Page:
Parliament may, by law, confer on the Supreme Court power to issue directions, orders, or writs, in the nature ofthose five specified writs, for any purposes other than enforcement of the Fundamental Rights.

 Article 226

Under Article 226 High Court has powers to issue directions, orders, or writs, for the enforcement of Fundamental Rights and for any other purpose within its territories, to any person or authority or government. If cause of action arises within its territories,even then the High Court may exercise this power.

 Article 359

Article 359 authorises the President of India to suspend the right to move any court for the enforcement of fundamental rights during National Emergency however rights under Article 20 and 21 cannot be suspended even during National emergency.Fundamental Rights are not suspended, but their enforcement is. Suspension of enforcement related to only those fundamental rights that are specified in the Presidential Order and remain effective for the period of Emergency,or any part thereof. During operation of Presidential Order, the State may make any law or to take any executive action to which it is competent. The Presidential Order shall be laid before each House of Parliament, as soon as may be possible after it is made.

 Now let us discuss about the writs available in India.

Habeas Corpus literally means ‘to have the body of’. It is a writ through which a person or any other person on his/her behalf appeal against an unlawful detention or imprisonment to a competent court. Court orders the custodian of the person to bring the person to the court to determine whether the detention was lawful. This writ may be issued against public authorities as well as private individual. However, if detention is lawful then this writ cannot be issued but if it is unlawful then the detainee has to be released immediately. The detained person may be held incommunicado so other persons are allowed to move this writ on behalf of the detainee.This writ is one of the most efficient safeguards of personal liberty. If the proceeding is for contempt of a legislature or a court or detention is by a competent court or detention is outside the jurisdiction of the court then this writ is not applicable.

Mandamus literally means ‘we command’. Through this writ a command is issued by the competent court to a public official or a public body or a corporation or an inferior court or a tribunal, or government commanding him/it to perform his/its official duties that he/it has failed or refused to perform. Mandamus cannot be issued against a private individual/body or to enforce departmental instruction that does not possess statutory force or if the duty is discretionary and not mandatory or to enforce contractual obligation. Further this writ cannot be issued against the President of India, State Governors, Chief Justice of a High Court acting in judicial capacity.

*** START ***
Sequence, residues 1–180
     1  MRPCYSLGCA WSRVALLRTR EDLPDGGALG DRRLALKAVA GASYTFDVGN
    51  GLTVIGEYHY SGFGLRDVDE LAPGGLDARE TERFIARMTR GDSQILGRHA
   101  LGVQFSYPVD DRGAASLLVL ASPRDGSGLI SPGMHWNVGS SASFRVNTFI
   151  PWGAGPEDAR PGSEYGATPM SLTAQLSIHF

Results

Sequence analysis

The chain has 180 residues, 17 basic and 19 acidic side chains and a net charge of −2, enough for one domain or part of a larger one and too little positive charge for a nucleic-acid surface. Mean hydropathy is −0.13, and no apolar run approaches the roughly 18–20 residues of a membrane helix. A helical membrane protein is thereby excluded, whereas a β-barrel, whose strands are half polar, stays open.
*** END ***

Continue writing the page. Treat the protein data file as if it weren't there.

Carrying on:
Prohibition means ‘to forbid’. This writ is issued by a higher court to a lower court or tribunal to prevent the latter from exceeding its jurisdiction or usurping a jurisdiction or if it acts against natural justice. It is popularly known as ‘Stay Order’. This writ can be issued only against judicial and quasi-judicial authorities but cannot be issued against administrative authorities, legislative bodies, private individuals or bodies.

Mandamus directs activity but prohibition directs inactivity.

Certiorarimeans ‘to be certified’ or ‘to be informed’.Through this writ Higher court asks lower court or tribunal to certify how it is dealing with the pending case.This writ is issued by a higher court to a lower court or tribunal either to transfer a case pending with the latter to itself or to squash the order of a lower court on the grounds of excess of jurisdiction or lack of jurisdiction or error of law. It cannot be issued against legislative bodies or private individuals or bodies.

Prohibition is only preventive but Certiorari is both preventive as well as curative. Both the writs are issued against legal bodies.

Quo-Warranto means ‘by what warrant or authority’. Where there is contravention of the Constitution or a statute in appointing a person to public office, this writ is issued. This writ is issued by the court to enquire into the legality of claim of a person to a public office, it prevents illegal usurpation of public office by a person. It can be issued only in case of a substantive public office of a permanent character created by a statute, or the Constitution. It cannot be issued in cases of ministerial office or private office.

 Supreme Court and High Courts

Supreme Court can issue writs only for the enforcement of Fundamental Rights, whereas a High Court can issue writs both for Fundamental Rights as well as for other purposes. Supreme Court has all India jurisdiction, whereas High Court can issue writs against a person residing, or against a government, or authority, located within its territorial jurisdiction only, or outside its jurisdiction only if the cause of action arises within its territorial jurisdiction. A remedy under Article 32 is in itself a Fundamental Right, andhence the Supreme Court may not refuse to exercise its writ jurisdiction.However, a remedy under Article 226 is discretionary, and hence the High Court may refuse to exercise its writ jurisdiction. Supreme Court is constituted as a defender and guarantor of the Fundamental Rights.

Mohan on April 07 2019 16:46:07

"writ" written in a lucid form. Thanks